What did you learn from the way last season ended – both personally and as a coach?
Obviously, we were disappointed in the way the season ended after a positive start.
But in saying that we felt that the season was a positive one in terms of the fact that we had the most successful season the club has ever had in its existence.
We identified the positives out of it; we identified areas we feel we need to improve.
But probably one of the biggest ones was for us being able to win games against the sides that we should be winning or games where we are going in as favourites and we failed to get the result.
So it’s a different challenge for us as a group – something that we are not used to – so certainly putting measures in place to try and help us with that.
This will be your third season in charge of the team. How do you feel this stint has improved you as a coach?
I think you’re always improving as a coach. You’re continuously evolving and developing yourself.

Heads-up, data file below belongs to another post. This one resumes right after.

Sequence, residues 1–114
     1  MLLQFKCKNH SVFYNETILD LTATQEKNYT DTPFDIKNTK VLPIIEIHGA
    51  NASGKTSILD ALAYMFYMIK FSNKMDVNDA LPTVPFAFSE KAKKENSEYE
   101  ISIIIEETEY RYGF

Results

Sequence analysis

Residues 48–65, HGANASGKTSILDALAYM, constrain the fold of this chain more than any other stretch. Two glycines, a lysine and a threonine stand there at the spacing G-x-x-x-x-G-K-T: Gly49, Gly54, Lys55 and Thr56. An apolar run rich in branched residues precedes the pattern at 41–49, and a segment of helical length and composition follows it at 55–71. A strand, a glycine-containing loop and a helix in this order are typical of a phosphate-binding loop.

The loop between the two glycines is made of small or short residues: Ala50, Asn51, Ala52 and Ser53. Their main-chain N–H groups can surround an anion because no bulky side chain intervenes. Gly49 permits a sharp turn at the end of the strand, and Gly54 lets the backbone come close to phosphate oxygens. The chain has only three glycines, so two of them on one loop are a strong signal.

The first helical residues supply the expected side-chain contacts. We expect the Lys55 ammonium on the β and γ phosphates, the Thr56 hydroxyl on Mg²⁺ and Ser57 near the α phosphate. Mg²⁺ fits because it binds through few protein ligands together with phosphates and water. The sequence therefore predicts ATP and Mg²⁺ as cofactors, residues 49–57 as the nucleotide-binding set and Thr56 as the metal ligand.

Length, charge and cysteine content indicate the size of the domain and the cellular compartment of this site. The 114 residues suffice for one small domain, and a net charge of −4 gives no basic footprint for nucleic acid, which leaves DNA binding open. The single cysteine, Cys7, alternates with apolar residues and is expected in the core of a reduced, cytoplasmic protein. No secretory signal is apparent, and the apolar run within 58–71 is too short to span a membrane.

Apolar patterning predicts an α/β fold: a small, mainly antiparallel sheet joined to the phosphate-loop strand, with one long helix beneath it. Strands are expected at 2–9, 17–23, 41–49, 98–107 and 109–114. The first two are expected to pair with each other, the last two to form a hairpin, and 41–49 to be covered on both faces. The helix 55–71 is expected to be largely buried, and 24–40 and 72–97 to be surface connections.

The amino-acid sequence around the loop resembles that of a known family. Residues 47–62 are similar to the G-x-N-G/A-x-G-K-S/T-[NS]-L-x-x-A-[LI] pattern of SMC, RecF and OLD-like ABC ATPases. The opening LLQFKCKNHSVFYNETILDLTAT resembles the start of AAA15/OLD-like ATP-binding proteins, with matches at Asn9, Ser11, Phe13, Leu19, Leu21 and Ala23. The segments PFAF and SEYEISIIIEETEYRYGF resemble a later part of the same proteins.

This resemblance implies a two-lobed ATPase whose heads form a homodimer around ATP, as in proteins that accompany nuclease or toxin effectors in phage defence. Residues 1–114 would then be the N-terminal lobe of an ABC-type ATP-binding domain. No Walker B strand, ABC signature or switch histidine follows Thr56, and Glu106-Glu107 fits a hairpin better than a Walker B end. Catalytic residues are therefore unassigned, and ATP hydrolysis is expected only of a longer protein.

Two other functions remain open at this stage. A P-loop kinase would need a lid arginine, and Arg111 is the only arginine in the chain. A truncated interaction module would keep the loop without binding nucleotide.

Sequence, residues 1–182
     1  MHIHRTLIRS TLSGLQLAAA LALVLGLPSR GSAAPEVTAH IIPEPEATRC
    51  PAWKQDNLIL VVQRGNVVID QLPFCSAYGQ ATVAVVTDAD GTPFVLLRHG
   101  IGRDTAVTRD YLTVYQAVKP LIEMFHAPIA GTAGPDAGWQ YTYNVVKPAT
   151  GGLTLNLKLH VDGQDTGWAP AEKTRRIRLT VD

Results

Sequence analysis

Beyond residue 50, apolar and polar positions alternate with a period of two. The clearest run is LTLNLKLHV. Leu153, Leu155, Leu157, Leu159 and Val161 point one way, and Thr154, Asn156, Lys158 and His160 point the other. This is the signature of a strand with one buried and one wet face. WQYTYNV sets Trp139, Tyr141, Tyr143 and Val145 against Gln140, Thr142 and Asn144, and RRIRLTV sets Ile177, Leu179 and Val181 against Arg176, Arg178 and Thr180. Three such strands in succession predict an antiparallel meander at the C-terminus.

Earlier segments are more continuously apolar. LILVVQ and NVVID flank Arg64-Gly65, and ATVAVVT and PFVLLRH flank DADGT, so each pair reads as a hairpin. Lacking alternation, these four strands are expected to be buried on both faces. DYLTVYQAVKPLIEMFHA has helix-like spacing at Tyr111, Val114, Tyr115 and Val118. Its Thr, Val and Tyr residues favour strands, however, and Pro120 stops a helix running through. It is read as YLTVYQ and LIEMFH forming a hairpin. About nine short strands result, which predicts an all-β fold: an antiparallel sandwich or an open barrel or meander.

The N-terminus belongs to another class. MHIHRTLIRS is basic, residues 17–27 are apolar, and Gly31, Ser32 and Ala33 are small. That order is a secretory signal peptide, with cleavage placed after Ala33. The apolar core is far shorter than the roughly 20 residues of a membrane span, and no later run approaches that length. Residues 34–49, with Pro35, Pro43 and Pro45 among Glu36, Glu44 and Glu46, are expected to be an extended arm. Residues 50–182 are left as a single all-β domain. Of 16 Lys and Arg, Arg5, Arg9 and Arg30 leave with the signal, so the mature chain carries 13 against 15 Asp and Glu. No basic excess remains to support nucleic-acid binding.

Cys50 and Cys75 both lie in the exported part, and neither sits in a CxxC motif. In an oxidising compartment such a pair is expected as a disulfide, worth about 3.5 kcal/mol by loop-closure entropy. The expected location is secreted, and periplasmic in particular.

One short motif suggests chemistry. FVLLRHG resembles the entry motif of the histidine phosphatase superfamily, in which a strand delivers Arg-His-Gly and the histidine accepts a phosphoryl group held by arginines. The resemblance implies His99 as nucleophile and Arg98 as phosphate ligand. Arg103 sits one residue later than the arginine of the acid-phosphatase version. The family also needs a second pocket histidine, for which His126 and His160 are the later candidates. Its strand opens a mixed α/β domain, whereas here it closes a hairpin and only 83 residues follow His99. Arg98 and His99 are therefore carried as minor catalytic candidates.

So for me, I think every year regardless of whether I’m here or elsewhere you want to keep on improving.
Just how important is it that Adelaide United makes the finals?
I think for us it’s important that we continue to improve as a group.
And I think if we improve we’ll be playing finals, especially based on last year.
Do you think there’s a perception out there that players see Adelaide United as a good place to start a W-League career but it’s not a place to go if you want to win silverware? If so, how do you change that?
I disagree. I think our perception has changed within the W-League circles.
We were able to attract Emma Checker back to the club a couple of years ago after so many years away; we brought Michelle Heyman to the club last year along with Kahlia Hogg.
And then this year we brought in Mary and Ciara Fowler, who have had probably every W-League club after them, so that goes to show what we are doing is certainly positive.
Kahlia has also returned this year so I think that perception has gone, it possibly was like that previously but I see us now as a club that people really respect.
Have you done a lot of scouting from the SA WNPL and has that changed your view of certain players for better or worse?
I’ve seen a lot of WNPL games this year – there are a number of players that have had good seasons.